Scroll dates range from the third century bce (mid–Second Temple period) to the first century of the Common Era, before the destruction of the Second Temple in 70 ce. While Hebrew is the most frequently used language in the Scrolls, about 15% were written in Aramaic and several in Greek. The Scrolls’ materials are made up mainly of parchment, although some are papyrus, and the text of one Scroll is engraved on copper.
About 230 manuscripts are referred to as “biblical Scrolls”. These are copies of works that are now part of the Hebrew Bible. They already held a special status in the Second Temple period, and were considered to be vessels of divine communication. Evidence suggests that the Scrolls' contemporary communities did not have a unified conception of an authoritative collection of scriptural works. The idea of a closed biblical “canon” only emerged later in the history of these sacred writings.
TPAM 43.784 11Q5 Psalmsa      
Among the Scrolls are partial or complete copies of every book in the Hebrew Bible (except the book of Esther). About a dozen copies of some of these holy books were written in ancient paleo-Hebrew (the script of the First Temple era, not the standard script of the time).
Many biblical manuscripts closely resemble the Masoretic Text, the accepted text of the Hebrew Bible from the second half of the first millennium ce until today. This similarity is quite remarkable, considering that the Qumran Scrolls are over a thousand years older than previously identified biblical manuscripts.
Strikingly, some biblical manuscripts feature differences from the standard Masoretic biblical language and spelling. Additions and deletions in certain texts imply that the writers felt free to modify texts they were copying. (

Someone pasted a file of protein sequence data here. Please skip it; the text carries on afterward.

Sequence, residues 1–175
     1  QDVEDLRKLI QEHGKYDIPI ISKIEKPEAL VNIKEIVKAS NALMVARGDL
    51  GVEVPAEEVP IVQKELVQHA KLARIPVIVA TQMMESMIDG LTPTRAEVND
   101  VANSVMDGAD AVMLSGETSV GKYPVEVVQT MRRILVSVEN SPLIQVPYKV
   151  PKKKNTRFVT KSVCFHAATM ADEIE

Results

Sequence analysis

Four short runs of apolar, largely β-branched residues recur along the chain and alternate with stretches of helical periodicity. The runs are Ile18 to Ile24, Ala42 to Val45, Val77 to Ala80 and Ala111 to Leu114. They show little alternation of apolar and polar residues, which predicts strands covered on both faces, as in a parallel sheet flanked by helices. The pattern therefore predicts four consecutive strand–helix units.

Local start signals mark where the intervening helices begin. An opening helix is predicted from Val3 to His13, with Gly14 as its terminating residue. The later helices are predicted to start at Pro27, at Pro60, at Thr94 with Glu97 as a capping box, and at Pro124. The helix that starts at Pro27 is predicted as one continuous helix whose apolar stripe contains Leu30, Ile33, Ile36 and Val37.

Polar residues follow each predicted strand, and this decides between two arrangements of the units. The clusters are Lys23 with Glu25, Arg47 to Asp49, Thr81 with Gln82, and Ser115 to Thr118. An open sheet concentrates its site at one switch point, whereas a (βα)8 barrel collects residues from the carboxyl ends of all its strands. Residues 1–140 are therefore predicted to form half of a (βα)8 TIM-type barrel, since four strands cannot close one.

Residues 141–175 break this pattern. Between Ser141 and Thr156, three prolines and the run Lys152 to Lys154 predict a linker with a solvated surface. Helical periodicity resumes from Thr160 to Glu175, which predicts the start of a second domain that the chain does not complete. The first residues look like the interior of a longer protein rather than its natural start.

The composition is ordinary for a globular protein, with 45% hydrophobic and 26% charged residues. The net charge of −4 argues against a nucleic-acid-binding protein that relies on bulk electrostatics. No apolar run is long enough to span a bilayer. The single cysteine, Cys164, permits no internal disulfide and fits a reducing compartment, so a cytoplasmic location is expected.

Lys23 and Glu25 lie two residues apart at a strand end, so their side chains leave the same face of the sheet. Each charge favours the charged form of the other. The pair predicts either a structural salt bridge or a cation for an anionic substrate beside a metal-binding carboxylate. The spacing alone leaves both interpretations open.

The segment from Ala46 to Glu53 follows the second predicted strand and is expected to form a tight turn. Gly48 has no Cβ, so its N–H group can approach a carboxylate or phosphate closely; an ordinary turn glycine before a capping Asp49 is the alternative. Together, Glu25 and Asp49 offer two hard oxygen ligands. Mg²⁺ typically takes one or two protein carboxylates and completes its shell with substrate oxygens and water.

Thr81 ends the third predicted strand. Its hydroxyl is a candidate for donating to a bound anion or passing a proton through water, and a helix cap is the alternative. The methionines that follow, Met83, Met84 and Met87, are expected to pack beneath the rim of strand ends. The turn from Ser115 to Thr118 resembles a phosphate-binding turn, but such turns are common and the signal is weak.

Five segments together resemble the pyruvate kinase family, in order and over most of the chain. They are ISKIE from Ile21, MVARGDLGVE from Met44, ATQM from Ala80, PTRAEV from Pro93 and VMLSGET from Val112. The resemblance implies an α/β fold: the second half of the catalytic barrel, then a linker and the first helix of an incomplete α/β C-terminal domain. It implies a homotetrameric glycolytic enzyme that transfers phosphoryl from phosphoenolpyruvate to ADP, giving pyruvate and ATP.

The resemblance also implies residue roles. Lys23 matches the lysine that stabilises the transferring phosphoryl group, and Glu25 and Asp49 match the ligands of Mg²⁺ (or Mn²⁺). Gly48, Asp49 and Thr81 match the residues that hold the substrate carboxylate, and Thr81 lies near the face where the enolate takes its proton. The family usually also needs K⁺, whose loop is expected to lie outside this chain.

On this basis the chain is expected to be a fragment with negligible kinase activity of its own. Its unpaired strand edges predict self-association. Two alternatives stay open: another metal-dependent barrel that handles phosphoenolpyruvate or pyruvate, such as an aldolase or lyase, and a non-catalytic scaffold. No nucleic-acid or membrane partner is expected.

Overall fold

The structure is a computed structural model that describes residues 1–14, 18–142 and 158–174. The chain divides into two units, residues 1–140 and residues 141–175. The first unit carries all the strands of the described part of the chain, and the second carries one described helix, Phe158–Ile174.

A highlight!  The crazy thing about the Dead Sea is of course the salt content, which keeps one afloat! Also the mud is prized as a facial treatment.

 No, she has not joined our group but check out her hands :)

The SALT! 


And there were!

 Peter Rothermel and Jay - at Masada (I think)
 Church of the Holy Sepulchre, when some of the guys spent the night inside.

 Alex and Todd getting a mud facial at the Dead Sea
 Church of the Holy Sepulchre

 Church of the Holy Sepulchre
 Jay, Todd, Mike and Tramm


Sunday, May 3, 2015

More great pictures - thanks Todd!

 Father Alex as Celebrant
 Jack (?), Todd, Alex, Tramm, Mike

Sunday on Jerusalem

There are lots of church options in Jerusalem as you might imagine.  One option is Christ Church which is interesting because although it is an Anglican Church, the liturgy and conversation are more along the lines of interfaith with both Christian and Jewish symbols and icons throughout.

From Wikipedia, the free encyclopedia
Christ Church
Christ Church Jerusalem 1.jpg
Christ Church
Christ Church, Jerusalem
Location in Old Jerusalem
 / 31.776528; 35.22
Altar with Hebrew inscription
Christ Church, Jerusalem, is an Anglican church located inside the Old City of Jerusalem. The building itself is part of a small compound just inside the Jaffa Gate opposite King David's citadel. It is the oldest Protestant church in the Middle East. Its congregation is mainly composed of English-speaking Jewish Christians, with both Christian and Jewish festivals being celebrated.